1991 "First American Edition" stated; Alfred A Knopf publishers, New York; hardbound in ebony and maroon boards with gilt design and lettering on cover and spine; very good condition with unmarked pages, appears unread; dust jacket very good.
Elizabeth I ruled England in defiance of convention, exercising supreme authority in a man's world. With courage, brilliance and style, she reigned for nearly 45 years. Anne Somerset's biography of this complex and gifted woman provides a portrait of her personal life and her career as leader.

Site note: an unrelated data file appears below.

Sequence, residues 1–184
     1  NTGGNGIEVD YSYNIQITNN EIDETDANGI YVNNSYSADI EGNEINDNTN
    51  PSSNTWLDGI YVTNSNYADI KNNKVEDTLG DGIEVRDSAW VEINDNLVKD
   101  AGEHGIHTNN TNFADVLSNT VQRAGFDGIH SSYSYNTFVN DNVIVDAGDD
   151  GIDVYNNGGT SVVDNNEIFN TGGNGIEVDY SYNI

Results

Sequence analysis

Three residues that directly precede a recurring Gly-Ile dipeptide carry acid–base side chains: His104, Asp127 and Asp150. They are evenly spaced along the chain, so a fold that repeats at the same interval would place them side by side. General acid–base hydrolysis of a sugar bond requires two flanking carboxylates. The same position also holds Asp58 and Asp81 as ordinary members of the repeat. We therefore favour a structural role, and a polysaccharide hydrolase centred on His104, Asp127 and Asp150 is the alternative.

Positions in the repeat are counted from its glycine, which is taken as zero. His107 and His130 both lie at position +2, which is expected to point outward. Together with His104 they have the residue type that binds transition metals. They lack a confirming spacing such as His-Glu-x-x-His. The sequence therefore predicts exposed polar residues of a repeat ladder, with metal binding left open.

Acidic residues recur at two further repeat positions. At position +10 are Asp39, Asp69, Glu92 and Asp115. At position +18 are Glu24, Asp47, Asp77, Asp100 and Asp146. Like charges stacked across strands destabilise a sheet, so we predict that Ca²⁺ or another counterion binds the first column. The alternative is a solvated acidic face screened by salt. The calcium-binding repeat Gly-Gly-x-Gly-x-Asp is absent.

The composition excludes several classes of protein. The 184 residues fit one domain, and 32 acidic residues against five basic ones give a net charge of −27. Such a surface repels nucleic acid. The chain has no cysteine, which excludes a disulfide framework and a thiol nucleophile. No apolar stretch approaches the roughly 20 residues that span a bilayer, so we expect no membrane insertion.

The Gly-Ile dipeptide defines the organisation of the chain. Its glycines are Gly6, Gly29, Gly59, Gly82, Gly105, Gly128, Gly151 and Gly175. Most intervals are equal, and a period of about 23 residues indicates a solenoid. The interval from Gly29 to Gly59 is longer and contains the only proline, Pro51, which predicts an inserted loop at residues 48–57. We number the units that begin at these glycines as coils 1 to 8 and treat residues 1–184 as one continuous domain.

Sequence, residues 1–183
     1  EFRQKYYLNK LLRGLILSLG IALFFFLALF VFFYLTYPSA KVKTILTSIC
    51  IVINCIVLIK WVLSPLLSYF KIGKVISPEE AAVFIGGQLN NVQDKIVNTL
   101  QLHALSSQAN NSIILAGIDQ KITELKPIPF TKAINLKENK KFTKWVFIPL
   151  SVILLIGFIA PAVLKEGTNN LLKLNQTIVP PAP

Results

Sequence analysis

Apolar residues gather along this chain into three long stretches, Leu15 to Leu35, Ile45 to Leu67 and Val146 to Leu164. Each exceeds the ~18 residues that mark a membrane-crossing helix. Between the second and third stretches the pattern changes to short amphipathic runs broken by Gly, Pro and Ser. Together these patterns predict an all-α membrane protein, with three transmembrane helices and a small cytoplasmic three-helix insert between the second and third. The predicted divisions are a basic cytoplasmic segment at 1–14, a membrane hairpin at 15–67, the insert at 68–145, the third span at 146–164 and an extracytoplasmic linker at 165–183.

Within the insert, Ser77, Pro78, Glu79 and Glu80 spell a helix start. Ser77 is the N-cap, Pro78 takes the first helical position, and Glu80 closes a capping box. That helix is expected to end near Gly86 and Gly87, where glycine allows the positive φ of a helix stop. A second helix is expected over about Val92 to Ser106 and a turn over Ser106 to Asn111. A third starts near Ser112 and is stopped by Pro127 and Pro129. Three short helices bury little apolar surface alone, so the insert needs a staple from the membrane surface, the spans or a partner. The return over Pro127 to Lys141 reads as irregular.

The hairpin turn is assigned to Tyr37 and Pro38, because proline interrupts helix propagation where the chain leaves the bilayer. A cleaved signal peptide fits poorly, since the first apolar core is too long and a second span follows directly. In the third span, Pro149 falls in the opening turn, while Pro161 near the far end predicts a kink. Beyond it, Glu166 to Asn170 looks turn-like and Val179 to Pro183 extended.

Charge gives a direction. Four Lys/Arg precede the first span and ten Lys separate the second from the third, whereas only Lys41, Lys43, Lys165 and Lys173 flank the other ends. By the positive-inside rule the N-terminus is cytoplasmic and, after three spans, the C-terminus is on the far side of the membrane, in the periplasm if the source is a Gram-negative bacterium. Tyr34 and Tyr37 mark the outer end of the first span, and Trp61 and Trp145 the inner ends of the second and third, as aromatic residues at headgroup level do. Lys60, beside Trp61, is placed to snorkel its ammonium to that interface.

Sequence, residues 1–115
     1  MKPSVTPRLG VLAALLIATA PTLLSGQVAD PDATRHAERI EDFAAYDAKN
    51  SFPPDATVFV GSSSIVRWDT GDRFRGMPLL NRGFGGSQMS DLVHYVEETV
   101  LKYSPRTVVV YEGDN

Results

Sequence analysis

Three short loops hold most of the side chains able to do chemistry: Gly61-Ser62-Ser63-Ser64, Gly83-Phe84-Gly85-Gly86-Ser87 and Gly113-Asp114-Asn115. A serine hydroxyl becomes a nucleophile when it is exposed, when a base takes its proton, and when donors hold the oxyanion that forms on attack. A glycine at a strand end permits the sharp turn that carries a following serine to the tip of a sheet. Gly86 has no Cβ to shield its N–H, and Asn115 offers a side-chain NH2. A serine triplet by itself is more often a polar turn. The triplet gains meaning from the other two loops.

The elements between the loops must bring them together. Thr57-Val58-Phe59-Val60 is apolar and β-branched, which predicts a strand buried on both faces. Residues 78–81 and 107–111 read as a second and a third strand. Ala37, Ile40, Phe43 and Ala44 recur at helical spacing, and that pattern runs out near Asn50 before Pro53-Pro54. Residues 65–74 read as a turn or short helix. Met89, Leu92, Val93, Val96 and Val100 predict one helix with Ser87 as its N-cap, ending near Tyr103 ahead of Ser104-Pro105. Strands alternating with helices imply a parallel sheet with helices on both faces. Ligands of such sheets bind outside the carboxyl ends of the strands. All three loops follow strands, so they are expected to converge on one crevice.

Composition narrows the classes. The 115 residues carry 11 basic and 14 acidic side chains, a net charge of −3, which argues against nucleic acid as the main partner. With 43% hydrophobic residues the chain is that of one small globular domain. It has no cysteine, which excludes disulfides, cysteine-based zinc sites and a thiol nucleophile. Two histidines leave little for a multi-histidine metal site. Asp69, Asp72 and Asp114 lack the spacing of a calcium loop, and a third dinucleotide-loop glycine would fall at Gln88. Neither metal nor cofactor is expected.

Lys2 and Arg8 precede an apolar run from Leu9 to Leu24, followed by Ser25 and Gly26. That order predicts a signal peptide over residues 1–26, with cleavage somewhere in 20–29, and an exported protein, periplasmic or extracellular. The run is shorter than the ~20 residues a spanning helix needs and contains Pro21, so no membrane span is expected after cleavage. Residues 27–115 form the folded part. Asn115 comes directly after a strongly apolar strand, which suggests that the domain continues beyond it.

In this totally captivating, sympathetic biography, English writer Somerset quotes an abundance of primary sources to elucidate Queen Elizabeth I's often criticized actions. For example, she investigates the cunning ruler's ``sound enough reasons'' for attempting to have her hated royal cousin, Mary, Queen of Scots, murdered in an underhand fashion without the bother of an execution. Somerset ( Ladies-in-Waiting) argues that the execution of Elizabeth's mother, Anne Boleyn, when she was two and a half cast a dark shadow over the queen's entire life. A virgin monarch, thrilled by the power of her father, Henry VIII, Elizabeth (1533-1603) turned her sex to her advantage in a man's world. She ``flaunted her femininity'' with chivalrous male colleagues and used her marital availability as a chief asset in the conduct of foreign affairs. The success of her 45-year reign, writes Somerset, was very much a personal triumph aided by her magnetism and charm. A wry, convincing portrait of a complex character.